The most technologically advanced cars of the coming year were presented to the public under luxury nameplates. A microprocessor-laden Lexus has the wherewithal to park itself. A futuristic yet familiar looking BMW runs on hydrogen. A monstrously powerful Audi even manages to make consumers drool over diesel fuel, of all things.
One model, the Bugatti Veyron, which some have criticized as a vanity project on behalf of Volkswagen executives, snagged titles of both fastest and most expensive, clocking in zero to 60 times of 2.5 seconds and carrying a window sticker of over $1 million.
But most often, entry-level models that may have the same badge as more outlandish fare but come without the same bells and whistles are the most popular luxury models on the lot. While the fame and reputation of luxury nameplates may be built on the most extravagant models, the biggest sales volumes occur at the entry level.
Mercedes-Benz's two top sellers, for instance, are the C-Class and E-Class series sedans, both of which sold just shy of 45,000 units in the first 11 months of the year — far more than the company's many other model lines. Those vehicles' base prices range from around $30,000 to $50,000, unlike the company's more extravagant roadsters and sedans that can easily cost more than $100,000 before options.
Sometimes the sales volume of a manufacturer's most affordable models dramatically overshadows the rest of the lineup. BMW, for instance, has sold more than 100,000 3-Series so far this year. That's more than twice the number of larger 5-Series sold and more than six times the number of larger 7-Series sold. The story is largely the same at Toyota's Lexus division, which sells more of the ES line, starting at $33,170, than any other model.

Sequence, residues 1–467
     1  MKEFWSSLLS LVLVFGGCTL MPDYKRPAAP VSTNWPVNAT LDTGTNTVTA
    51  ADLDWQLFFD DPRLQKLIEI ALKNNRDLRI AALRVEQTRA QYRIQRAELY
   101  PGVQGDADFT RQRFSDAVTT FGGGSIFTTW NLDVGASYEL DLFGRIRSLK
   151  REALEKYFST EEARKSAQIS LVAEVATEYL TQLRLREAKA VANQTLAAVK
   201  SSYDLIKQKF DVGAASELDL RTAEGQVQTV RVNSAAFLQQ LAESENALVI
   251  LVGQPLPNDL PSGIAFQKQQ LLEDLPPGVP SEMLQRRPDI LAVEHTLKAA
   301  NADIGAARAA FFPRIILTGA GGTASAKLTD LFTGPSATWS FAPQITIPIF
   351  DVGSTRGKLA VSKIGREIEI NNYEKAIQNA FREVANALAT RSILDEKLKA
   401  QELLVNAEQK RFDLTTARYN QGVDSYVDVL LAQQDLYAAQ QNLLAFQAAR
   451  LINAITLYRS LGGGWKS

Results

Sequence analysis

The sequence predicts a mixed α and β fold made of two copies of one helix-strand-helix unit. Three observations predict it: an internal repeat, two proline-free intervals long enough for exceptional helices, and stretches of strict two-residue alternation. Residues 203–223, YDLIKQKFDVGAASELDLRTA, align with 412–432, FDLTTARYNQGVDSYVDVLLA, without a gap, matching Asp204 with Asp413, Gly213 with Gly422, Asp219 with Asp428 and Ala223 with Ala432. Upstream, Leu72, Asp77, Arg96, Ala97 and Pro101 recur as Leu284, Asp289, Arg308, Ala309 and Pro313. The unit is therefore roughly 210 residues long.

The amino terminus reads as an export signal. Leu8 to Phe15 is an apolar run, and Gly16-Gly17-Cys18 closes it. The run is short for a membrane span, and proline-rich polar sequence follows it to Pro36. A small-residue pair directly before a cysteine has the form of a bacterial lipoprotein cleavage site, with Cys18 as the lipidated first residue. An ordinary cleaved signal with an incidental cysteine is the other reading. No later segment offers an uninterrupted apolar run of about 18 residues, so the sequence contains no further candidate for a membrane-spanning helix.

The SUV Paradox
The rise in gas prices has created more pressure on consumers buying luxury SUVs, however. Smaller vehicles and crossovers intended to increase fuel economy while maintaining SUV-like practicality have popped up to buoy sales. For example, sales of Acura's new RDX have helped make up for the decline of the larger MDX models sold so far this year.
One notable exception is General Motors' Cadillac division. It has actually managed to increase sales of the biggest and most outlandish SUV it sells, the newly redesigned Escalade.
Sales of the regular-size Escalade are up about 20% for the year, and the biggest model available, the extended ESV version, is up as well, by 12.1%. The less thirsty SRX crossover, meanwhile, is down by just under 5%.
But if the least expensive luxury cars are the most popular with American consumers, which are the best? Businessweek.com came up with the best affordable luxury vehicles on the market right now.
To generate the list, BusinessWeek.com took a look at luxury vehicles available in the U.S. that carry base prices between $35,000 and $45,000. These autos, from both foreign and domestic luxury brands from BMW to Cadillac, begin pricing where many midrange and premium vehicles end, fully optioned.
Each vehicle in the categories chosen was assigned points for the most common factors in deciding to purchase a luxury vehicle: cost, total cost of ownership including vehicle depreciation over five years, fuel economy, and engine power. Additionally awards given by automotive magazines from Consumer Reports to Car & Driver as well as BusinessWeek's own reviews were taken into consideration.